4. We also have to remember that the hometown ref (literally, he resides in Tacoma -- how could the NFL be so stupid as to assign a local to ref that game unless they really do have it out for Harbaugh?) blew two calls at least against the Niners.

The most egregious of which was the "running into the punter" penalty that lost the Niners possession when it should have been a "roughing the punter" penalty and retention of possession because the Seahawks rusher clearly and unambiguously crashed into the punter's "plant" leg, not his kicking leg. Either ref was so dumb as not to know that basic rule, or he "saw" something that simply didn't happen -- maybe he was focusing on Tacoma. Either way, that indefensible mistake led directly to Seattle's go-ahead touchdown (which of course the aforesaid momentary zombie act by the Niners' defense clearly aided and abetted). Note: The NFL hasn't even attempted to defend that call, but they are apparently too embarrassed by it to offer a fair acknowledgment of the error either.

5. Finally, there is the idea that Kaeparnick obviously was the goat of the game because of the pick he threw into "double coverage" against Richard Sherman - a truly great defender who holds on most plays but not this one - without looking for other openings and with too much of a rush with time and timeouts left on the clock.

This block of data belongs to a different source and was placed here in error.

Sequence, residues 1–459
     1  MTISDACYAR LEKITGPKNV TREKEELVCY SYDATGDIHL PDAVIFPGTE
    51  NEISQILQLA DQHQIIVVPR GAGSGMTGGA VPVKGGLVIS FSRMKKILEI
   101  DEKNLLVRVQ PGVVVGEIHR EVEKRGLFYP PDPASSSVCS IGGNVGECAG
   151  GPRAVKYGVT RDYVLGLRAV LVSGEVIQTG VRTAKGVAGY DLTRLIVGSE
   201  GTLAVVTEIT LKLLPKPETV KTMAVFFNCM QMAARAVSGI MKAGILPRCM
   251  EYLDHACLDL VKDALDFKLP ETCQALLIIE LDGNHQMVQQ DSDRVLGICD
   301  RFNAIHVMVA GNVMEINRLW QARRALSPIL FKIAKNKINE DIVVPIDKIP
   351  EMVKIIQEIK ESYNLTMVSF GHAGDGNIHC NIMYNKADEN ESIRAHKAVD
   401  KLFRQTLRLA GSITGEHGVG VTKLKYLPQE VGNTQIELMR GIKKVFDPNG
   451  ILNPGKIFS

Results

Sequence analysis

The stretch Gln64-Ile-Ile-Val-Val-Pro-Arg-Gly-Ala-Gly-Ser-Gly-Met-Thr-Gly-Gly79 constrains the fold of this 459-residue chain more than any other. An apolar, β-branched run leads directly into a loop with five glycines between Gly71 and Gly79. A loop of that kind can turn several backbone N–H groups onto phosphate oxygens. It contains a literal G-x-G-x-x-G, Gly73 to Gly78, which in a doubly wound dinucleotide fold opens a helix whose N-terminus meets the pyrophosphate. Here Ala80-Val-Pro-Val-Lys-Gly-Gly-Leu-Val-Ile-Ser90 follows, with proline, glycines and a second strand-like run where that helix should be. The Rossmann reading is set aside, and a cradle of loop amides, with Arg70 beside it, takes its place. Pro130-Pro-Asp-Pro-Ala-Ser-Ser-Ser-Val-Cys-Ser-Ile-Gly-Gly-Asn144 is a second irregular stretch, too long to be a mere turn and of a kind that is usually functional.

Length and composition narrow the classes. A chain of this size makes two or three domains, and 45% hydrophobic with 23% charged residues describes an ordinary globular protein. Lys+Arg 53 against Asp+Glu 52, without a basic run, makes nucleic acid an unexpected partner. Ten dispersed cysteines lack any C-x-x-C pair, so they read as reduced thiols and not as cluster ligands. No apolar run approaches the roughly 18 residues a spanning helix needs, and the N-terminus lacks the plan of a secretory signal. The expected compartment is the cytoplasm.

Again, the truth is not in the conventional wisdom. With a hat-tip to the analysis of NFL Films' Greg Cosell, we now know two indisputable facts: (1) At the time the quarterback let go of the throw, no other receiver was open -- the right side trailer (#11 Quinton Patton) only came free after Kap let go of the pass. (2) Again at the time of the throw, the Seahawks' left defensive end was busy plowing the 49ers right tackle right into Kap's body, to the point where he couldn't follow through enough on the throw to put it at the back end zone pylon, where only Crabtree could reach it. Kaepernick himself said that's where the throw should have gone, but he covered for the quick breakdown of his pass protection by shouldering the blame himself -- a real stand-up guy for his team, compared to say, Richard Sherman, who made the play but lost the plot. And, by the way, if Bruce Miller had been in to block...

Terry Connelly is an economic expert and dean emeritus of the Ageno School of Business at Golden Gate University in San Francisco. Terry holds a law degree from NYU School of Law and his professional history includes positions with Ernst & Young Australia, the Queensland University of Technology Graduate School of Business, New York law firm Cravath, Swaine & Moore, global chief of staff at Salomon Brothers investment banking firm and global head of investment banking at Cowen & Company. In conjunction with Golden Gate University President Dan Angel, Terry co-authored Riptide: The New Normal In Higher Education.